Copyright Design and Patents Act 1988
37 The Copyright, Designs and Patents Act 1988 is amended as follows.
38 Section 73 of the Copyright, Designs and Patents Act 1988 (Reception and re-transmission of wireless broadcast by cable) is revoked.’.
Section 73 was introduced in the 1980s to encourage cable roll-out as a competing platform to terrestrial (analogue) television. This has clearly now been achieved and cable is a highly-effective and well-resourced competitor to Sky and Freeview.
This group contains amendments to schedule 18, which makes provision for repealing legislation that is no longer of practical use. Before I outline the amendments, may I say how much I welcome re-encountering the hon. Members for Chesterfield (Toby Perkins) and for Newcastle upon Tyne Central (Chi Onwurah), whose very helpful and constructive approach in Committee has improved the Bill?
The Mining Industry Act 1920 and section 20 of the Mining Industry Act 1926 will be repealed as they are no longer needed for mining and quarrying. Most of the Mining Industry Act 1920 has already been repealed, and we now seek to repeal the remaining provisions. That will not affect rights to ownership. The remaining sections are outdated administrative arrangements. For example, functions were originally conferred on the Board of Trade, but were long ago transferred to the Secretary of State through a transfer of functions. Sections 18 and 22 concern the powers to make drainage schemes for groups of mines, but they are now dealt with by negotiations between mine owners and other local landowners. Sections 25 and 26 are technical provisions.
Overall, the only matter that needs to be mentioned is section 20 of the 1926 Act, which provides for the establishment of profit-sharing schemes. It of course pre-dates the nationalisation and privatisation of the coal mining industry, as well as modern companies legislation. Such legislation should apply to coal mining companies in the same way as it applies to any others, so there is no need for any special provision. However, the amendment contains a saving provision, because it would clearly not be fair to undermine any existing profit-sharing schemes, and they will be allowed to continue.
Most of the Merchant Shipping Act 1988 has already been repealed. Section 37, which relates to the licensing of tidal works by harbour authorities, disapplies the requirements of section 34 of the Coast Protection Act 1949. That Act has already been repealed, so the saving provision is no longer of any practical effect.
Amendment 59 will extend the repeal of the Milk (Cessation of Production) Act 1985 to Northern Ireland. EU legislation in 1984 set up a system of production—the milk quota system—in which, in essence, each producer was allocated a quota. That will end on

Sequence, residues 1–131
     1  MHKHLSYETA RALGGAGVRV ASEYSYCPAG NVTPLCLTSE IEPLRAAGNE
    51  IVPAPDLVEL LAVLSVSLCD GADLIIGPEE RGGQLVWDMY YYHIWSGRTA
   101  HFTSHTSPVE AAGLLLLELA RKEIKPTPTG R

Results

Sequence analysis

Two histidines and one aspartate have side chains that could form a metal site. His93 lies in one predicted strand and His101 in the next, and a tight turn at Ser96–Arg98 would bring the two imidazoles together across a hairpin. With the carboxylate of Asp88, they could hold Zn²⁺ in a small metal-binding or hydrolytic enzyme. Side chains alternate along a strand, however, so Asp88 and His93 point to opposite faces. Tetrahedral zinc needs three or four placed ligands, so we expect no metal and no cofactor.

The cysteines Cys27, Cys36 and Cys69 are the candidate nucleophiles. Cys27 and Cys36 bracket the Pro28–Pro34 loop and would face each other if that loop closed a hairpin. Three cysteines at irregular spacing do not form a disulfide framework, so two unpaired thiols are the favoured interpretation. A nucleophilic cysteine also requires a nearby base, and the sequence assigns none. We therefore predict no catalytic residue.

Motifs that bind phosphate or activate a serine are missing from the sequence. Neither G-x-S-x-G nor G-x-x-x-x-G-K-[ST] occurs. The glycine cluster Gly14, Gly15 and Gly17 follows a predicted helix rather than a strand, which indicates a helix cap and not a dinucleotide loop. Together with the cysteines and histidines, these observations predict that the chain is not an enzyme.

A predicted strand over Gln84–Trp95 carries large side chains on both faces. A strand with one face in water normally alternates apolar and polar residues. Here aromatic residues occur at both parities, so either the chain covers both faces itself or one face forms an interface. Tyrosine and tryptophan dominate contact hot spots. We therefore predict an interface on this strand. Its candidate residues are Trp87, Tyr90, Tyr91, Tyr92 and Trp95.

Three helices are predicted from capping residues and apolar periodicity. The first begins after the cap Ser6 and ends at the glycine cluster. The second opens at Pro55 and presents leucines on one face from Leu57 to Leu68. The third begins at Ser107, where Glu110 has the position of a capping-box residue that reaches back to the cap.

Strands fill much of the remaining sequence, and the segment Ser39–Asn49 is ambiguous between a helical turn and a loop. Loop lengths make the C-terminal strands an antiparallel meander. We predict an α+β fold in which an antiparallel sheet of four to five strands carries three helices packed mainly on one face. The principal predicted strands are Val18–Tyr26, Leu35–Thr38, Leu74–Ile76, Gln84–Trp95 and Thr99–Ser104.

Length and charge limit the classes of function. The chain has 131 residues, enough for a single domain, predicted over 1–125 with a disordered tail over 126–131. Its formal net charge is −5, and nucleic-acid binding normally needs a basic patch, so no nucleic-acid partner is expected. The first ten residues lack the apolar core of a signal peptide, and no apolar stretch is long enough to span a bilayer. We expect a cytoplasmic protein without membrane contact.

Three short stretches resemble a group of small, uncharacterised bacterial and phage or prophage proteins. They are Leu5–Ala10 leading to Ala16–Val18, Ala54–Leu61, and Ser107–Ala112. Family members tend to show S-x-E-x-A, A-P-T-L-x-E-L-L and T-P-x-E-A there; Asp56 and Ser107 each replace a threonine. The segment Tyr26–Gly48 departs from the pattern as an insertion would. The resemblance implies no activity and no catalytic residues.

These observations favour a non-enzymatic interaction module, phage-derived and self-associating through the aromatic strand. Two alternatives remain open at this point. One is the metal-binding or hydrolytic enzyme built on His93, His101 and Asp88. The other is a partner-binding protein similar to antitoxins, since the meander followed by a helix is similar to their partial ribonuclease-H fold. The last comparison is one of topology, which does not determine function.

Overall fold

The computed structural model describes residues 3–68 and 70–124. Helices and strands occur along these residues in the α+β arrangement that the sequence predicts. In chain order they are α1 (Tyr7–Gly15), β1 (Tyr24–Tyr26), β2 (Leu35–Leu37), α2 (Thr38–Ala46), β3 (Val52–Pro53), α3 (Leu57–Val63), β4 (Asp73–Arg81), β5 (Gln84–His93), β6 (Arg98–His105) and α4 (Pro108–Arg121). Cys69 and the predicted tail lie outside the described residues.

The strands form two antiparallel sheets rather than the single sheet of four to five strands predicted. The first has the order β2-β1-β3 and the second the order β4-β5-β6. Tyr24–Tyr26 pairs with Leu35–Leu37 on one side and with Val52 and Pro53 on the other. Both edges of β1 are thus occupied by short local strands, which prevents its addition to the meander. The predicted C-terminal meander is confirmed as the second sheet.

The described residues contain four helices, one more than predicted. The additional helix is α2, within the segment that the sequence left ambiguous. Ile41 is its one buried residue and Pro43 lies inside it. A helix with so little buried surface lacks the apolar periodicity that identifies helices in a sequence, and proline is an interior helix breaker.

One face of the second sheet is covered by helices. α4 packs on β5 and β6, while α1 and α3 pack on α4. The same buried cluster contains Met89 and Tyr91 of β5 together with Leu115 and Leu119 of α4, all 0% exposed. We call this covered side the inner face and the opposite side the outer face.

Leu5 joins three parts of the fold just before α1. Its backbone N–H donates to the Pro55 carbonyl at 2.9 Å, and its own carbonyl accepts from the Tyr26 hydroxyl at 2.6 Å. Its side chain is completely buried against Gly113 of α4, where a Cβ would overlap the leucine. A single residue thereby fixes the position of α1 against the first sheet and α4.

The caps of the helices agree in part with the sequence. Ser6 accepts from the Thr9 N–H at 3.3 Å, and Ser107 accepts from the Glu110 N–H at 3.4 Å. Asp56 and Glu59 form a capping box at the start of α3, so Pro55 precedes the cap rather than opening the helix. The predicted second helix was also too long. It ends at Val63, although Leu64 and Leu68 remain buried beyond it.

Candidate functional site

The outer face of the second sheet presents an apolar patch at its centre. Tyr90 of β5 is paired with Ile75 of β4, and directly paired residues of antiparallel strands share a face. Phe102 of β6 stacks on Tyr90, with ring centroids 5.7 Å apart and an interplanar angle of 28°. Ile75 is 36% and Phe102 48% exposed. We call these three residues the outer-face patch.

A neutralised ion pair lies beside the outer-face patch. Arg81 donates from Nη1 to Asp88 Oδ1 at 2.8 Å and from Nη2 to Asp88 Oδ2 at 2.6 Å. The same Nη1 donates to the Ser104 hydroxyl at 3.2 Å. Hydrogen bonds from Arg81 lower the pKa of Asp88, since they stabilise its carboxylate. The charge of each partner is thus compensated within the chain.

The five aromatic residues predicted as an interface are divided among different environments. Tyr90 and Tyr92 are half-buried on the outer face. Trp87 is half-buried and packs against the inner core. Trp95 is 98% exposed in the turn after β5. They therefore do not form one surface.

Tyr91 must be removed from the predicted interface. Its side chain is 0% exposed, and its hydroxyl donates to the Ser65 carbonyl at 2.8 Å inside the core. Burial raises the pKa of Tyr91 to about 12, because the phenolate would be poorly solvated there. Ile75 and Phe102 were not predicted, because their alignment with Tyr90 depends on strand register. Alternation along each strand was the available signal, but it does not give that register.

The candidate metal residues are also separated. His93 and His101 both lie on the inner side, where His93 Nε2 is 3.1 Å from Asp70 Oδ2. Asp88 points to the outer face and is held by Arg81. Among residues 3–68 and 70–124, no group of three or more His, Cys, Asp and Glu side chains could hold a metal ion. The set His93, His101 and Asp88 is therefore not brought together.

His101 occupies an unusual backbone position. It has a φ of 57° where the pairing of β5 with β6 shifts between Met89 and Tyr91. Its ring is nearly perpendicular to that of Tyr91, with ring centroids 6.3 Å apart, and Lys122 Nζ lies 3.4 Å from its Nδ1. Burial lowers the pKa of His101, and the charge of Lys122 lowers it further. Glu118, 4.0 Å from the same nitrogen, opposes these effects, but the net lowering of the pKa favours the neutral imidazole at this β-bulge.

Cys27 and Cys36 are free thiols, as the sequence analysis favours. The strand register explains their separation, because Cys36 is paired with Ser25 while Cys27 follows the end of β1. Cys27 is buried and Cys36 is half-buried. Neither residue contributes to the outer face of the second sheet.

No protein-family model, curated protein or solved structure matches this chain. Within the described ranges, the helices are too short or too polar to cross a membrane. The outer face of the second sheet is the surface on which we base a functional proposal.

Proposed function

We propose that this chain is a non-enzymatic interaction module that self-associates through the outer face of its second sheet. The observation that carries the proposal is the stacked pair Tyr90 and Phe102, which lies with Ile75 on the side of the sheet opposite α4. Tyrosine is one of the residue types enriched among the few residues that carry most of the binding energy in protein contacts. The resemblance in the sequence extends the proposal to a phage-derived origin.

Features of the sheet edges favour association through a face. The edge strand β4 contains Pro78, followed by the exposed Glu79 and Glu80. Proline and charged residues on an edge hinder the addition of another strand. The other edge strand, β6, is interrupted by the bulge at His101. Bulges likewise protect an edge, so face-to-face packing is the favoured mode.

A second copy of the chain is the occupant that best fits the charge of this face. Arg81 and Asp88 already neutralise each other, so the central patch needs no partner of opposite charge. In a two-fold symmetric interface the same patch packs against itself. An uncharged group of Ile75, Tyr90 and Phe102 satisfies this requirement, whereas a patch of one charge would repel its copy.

Amendment 60 will ensure that the saving provision in paragraph 3 of schedule 18 to the Housing Act 1988 will cease to have effect in England, although it will continue to apply in Wales. The saving provision has become redundant in England. Essentially, sections 56 to 58 of the Housing Act 1980, which have been repealed, enabled landlords to grant assured tenancies for newly built or newly repaired dwellings. The vast majority of tenancies were converted in 1989 into new style assured tenancies under the Housing Act 1988. Sections 56 to 58 were repealed subject to a saving provision, which is now being abolished because there are no longer any assured tenancies under the 1980 Act in existence in England, and it is therefore redundant.
To turn to the non-Government amendments, amendment 73 would require the Government to revoke section 73 of the Copyright, Designs and Patents Act 1988. I pay tribute to my hon. Friend Philip Davies for raising that important issue. The effect of section 73 is that public service broadcasters cannot charge cable services for the inclusion of their channels on these services.
Section 73 is part of a much wider framework supporting the availability of television and investment in television programming in the UK. A variety of rules and regulations affect the production, availability and ease of discovery of public service programming and its relationship with the different platforms—cable, satellite, digital TV and terrestrial—that carry it. They include the obligations on public service broadcasters to offer their content to all relevant platforms, the rules governing payments by broadcasters for technical platform services and the powers for regulators to compel these services to carry public service broadcast content.